Employment growth eased in June, taking some steam out of what had been a stunningly strong labor market.
Nonfarm payrolls increased 209,000 in June and the unemployment rate was 3.6%, the Labor Department reported Friday. That compared to the Dow Jones consensus estimates for growth of 240,000 and a jobless level of 3.6%.
The total, while still solid from a historical perspective, marked a considerable drop from May’s downwardly revised total of 306,000 and was the slowest month for job creation since payrolls fell by 268,000 in December 2020. The unemployment rate declined 0.1 percentage point.
Closely watched wages numbers were slightly stronger than expected. Average hourly earnings increased by 0.4% for the month and 4.4% from a year ago.
Job growth would have been even lighter without a boost in government jobs, which increased by 60,000, almost all of which came from the state and local levels.
Other sectors showing strong gains were health care (41,000), social assistance (24,000) and construction (23,000).
Leisure and hospitality, which had been the strongest job-growth engine over the past three years, added just 21,000 jobs for the month. The sector has cooled off considerably, showing only muted gains for the past three months.
The retail sector lost 11,000 jobs in June while transportation and warehousing saw a decline of 7,000.
There had been some anticipation that the Labor Department report could show a much higher than anticipated number after payrolls processing firm ADP on Thursday reported growth in private sector jobs of 497,000.
Markets moved lower following the release of the jobs report, with futures tied to the Dow Jones Industrial Average off nearly 90 points. Longer-dated Treasury yields were slightly higher.
“A 209,000 increase in payrolls can hardly be described as weak,” said Seema Shah, chief global strategist at Principal Asset Management. “But after yesterday’s ADP wrongfooted investors into expecting another bumper jobs number, the market may be disappointed.”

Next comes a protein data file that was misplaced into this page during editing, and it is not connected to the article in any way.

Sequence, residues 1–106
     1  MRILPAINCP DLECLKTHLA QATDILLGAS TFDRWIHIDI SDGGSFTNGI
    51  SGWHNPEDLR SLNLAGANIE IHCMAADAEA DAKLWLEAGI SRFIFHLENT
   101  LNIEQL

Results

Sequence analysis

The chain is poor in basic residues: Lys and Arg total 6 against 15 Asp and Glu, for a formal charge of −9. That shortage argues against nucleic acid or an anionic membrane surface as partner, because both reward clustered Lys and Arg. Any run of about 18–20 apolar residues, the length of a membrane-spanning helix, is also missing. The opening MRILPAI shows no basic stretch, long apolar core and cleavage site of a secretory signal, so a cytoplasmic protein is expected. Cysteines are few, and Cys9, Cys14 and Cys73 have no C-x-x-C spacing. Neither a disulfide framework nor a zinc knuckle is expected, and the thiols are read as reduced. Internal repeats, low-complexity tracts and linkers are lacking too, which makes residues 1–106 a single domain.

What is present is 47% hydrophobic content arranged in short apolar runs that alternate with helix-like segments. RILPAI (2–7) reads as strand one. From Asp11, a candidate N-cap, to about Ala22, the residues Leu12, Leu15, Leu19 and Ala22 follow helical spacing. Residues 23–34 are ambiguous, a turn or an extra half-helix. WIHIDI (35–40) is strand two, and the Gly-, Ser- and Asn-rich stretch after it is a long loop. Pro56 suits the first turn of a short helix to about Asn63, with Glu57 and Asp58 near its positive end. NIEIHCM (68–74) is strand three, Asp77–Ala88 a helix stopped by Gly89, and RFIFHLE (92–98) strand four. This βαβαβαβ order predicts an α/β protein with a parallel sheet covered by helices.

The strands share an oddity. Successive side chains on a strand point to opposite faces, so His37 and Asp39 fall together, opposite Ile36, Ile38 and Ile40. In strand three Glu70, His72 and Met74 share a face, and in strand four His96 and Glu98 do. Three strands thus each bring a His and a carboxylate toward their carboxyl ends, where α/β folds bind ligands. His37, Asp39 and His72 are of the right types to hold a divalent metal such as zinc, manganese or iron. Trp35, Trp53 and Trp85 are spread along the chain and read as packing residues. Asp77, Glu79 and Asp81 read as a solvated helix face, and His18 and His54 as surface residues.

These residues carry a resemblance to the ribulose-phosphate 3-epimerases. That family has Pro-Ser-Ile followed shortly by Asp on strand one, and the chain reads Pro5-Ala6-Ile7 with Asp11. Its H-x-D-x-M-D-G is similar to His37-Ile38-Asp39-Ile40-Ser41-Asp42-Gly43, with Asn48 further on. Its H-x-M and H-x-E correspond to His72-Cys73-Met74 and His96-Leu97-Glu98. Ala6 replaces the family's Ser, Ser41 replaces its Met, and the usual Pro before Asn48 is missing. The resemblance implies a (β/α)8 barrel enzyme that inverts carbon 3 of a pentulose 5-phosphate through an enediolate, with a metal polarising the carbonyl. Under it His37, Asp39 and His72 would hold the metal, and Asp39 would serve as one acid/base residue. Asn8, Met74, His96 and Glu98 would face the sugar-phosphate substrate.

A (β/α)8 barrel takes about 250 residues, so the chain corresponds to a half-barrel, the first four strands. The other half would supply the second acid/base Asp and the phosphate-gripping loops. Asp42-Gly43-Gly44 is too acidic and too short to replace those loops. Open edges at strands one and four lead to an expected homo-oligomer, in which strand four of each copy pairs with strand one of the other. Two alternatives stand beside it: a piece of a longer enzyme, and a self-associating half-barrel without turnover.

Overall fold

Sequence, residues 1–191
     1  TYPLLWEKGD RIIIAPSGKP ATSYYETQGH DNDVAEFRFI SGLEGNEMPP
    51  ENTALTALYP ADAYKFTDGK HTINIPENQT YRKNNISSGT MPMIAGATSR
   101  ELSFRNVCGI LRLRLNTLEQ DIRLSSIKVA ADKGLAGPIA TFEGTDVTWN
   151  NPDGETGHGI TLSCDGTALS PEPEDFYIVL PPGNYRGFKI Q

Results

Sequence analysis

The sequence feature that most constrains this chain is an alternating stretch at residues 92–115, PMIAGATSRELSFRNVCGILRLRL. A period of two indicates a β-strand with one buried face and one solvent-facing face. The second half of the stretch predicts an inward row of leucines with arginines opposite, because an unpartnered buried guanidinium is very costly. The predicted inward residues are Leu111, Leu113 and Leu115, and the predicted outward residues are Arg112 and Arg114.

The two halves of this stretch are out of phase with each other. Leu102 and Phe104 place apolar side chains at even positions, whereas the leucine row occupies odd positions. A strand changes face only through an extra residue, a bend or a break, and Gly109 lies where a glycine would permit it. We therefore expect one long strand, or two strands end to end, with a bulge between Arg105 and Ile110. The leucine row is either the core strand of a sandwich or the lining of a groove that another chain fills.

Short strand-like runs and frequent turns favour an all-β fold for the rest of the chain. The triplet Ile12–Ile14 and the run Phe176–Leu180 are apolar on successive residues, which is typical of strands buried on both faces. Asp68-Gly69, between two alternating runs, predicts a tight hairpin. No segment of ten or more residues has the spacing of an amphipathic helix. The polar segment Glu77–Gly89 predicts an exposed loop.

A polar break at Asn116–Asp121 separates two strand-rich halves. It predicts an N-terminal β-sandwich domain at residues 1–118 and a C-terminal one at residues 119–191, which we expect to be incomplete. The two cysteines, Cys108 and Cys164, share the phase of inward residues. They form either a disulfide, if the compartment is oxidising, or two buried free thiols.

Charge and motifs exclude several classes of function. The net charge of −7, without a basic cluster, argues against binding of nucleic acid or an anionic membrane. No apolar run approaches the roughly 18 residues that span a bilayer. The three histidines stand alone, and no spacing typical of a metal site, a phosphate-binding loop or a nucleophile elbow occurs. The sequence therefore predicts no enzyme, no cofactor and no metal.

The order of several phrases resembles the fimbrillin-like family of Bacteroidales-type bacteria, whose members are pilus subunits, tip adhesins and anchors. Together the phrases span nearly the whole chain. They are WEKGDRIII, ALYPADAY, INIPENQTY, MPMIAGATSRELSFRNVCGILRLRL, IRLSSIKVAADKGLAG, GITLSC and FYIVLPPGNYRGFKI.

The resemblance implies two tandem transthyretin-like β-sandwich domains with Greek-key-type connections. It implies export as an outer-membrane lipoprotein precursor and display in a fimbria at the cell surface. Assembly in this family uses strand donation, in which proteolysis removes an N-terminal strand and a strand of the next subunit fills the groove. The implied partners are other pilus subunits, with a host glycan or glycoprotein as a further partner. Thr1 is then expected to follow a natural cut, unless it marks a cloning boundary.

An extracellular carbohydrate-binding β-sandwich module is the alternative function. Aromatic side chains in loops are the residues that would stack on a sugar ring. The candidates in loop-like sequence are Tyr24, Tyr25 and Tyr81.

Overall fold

The labor force participation rate, considered a key metric for resolving a sharp divide between worker demand and supply, held steady at 62.6% for the fourth consecutive month and is still below its pre-pandemic level. A more encompassing unemployment rate that includes discouraged workers and those holding part-time jobs for economic reasons rose to 6.9%, the highest since August 2022.
In addition to a downward revision of 33,000 for the May count, the Bureau of Labor Statistics sliced April’s total by 77,000 to 217,000. That brought the six-month average to 278,000, down sharply from 399,000 in 2022.
The jobs numbers are considered a key in determining where Federal Reserve monetary policy is headed.
Policymakers see the strong jobs market and the supply-demand imbalance as helping propel inflation that around this time in 2022 was running at its highest level in 41 years.
They are using interest rate increases to try to cool the economy, but the labor market thus far has defied the central bank’s tightening efforts.
In recent days, Fed officials have provided indication that more rate hikes are likely even though they decided against moving at the June meeting.
Markets widely expect a quarter percentage point increase in July that would take the Fed’s benchmark borrowing rate to a targeted range between 5.25%-5.5%. The outlook was little changed following the release, with traders pricing in a 92.4% chance of a hike at the July 25-26 meeting.
The June report “suggests labor market conditions are finally beginning to ease more markedly,” wrote Andrew Hunter, deputy chief U.S. economist at Capital Economics. “That said, it is unlikely to stop the Fed from hiking rates again later this month, particularly when the downward trend in wage growth appears to be stalling.”
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